Tuesday, August 19, 2014

DC Collectibles STARFIRE!

DC Comics - The New 52: Red Hood and the Outlaws - DC Collectibles 2014
Starfire is one of the few characters in the New 52 that I actually prefer over the original.  For some reason her New Teen Titans look and persona always annoyed me a little.  I viewed her as clingy and bubbly with an awful hairdo.  I was just a kid then, but those early impressions stuck with me.  I didn't pay much attention to her until Red Hood and the Outlaws #1 and I suddenly thought she was awesome.  This new version was a cold, detached alien who was aggressively sexual and powerfully seductive.. not to mention actually powerful.  I heard a lot of gripes about her being nothing more than a vehicle for fanboy titillation and setting the plight of female superhero respectability back more than a few notches, but I liked her.  Sure, every criticism rang true, but on the flipside she also embodied a dominant empowered woman in every sense of the word.  Not to mention that her hair suddenly looked awesome.  The original solicitation of this figure was the moment that truly felt that DC Collectibles (née DC Direct) was finally back in full swing.  She was beautiful, unexpected, and not Wonder Woman.  Let's check out Starfire below!



The sculpt by Jack Mathews is gorgeous as usual.

The hair sculpt is beautiful.  There is a break in the mold right around her waist line.  The hair piece below that line is cast in translucent plastic for a very cool fiery effect.  Note: This is a static connection between the two types of plastic, definitely not a point of articulation.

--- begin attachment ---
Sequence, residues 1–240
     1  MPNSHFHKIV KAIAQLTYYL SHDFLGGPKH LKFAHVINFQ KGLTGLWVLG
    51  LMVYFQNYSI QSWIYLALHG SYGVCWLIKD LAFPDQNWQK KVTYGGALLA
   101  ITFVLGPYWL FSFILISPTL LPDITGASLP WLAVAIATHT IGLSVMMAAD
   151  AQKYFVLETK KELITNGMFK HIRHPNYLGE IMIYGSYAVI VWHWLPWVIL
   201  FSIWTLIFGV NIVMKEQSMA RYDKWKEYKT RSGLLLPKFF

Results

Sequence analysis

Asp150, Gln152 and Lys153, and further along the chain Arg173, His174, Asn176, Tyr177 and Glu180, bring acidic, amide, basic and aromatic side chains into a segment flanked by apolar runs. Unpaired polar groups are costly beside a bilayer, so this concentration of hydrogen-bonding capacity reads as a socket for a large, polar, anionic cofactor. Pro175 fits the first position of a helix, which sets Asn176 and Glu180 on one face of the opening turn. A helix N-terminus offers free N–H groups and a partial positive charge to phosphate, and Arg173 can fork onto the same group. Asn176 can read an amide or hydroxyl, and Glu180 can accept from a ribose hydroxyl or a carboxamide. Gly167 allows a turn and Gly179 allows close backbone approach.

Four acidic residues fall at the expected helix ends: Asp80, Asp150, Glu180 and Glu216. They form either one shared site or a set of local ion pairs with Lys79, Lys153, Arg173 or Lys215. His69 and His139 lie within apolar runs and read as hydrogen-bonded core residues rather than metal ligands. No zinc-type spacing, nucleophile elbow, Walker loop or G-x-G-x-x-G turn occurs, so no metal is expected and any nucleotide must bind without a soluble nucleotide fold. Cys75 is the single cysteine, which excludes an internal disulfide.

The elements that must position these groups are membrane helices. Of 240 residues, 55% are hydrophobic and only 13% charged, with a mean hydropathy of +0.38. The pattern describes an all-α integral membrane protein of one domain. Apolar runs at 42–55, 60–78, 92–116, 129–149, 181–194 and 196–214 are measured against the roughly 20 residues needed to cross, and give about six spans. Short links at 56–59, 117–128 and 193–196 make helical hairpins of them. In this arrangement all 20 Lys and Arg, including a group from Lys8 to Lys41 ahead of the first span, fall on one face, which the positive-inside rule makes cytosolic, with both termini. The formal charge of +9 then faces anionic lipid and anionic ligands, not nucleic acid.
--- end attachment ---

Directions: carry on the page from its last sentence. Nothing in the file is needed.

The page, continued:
She has joints at the neck, shoulders, biceps, elbows, forearms, hips, thighs, knees, and ankles - giving her 17 POA in total.  (19 if you count the shoulderpads detailed three photos down).  There are no wrist or torso cuts, but I honestly don't think she needs them.

Her face and torso have an amazing profile.  Most female figures seem to falter a bit around the chin/neck/collarbone area, but this is perfection.

A cool little addition for poseability are hinged shoulderpads.  They flip up to enable a full range of arm positions.



Here are some images of Starfire from the comics.






Time for a Comparison Shot!

Here she is with DC Collectibles' Wonder Girl and Power Girl.

And here she is with the 2009 DCUC Starfire from Mattel.



  1. I usually like the skin tone that results from this plastic DCC has been using, but I think in this case it makes Starfire's skin look not orange enough. I really like the sculpting and proportions going on here though!

    1. I know what you mean about the soft orange color this plastic gives her skin. It kind of looks like she just has a fake tan. Most of the other figures I've seen of her have a distinctive greenish hue to the orange like a not-quite-ripe pumpkin. Overall I don't mind this though. My only issue is that the translucent plastic DCC has been using for skin tones is extrememly hard to photograph. It refelcts light in weird ways and makes the faces look blurry, even though everything else is in focus.

  2. Finally got this figure. And I must admit is even better than the pictures. I would love a classic George Perez well articulated figure (the first DC Direct is stiff and giving a nazi salute). But I own all Titans figures and I feel pretty well serve. ( unless Original Outsiders or the Legion).

    1. It's funny - I had that old DCD Starfire for years before I realized she had light up eyes and hair. I was holding her for some reason and before I knew it she was blazing in my hands. And beyond that shock, it was amazing the batteries still worked. I hope DC Collectibles will venture into classic territory eventually because there are so many old designs that could use new figures. Actually, come to thnk of it, the new Power Girl figure is in her classic outfit as opposed to her New52 attrocity... so maybe there's hope.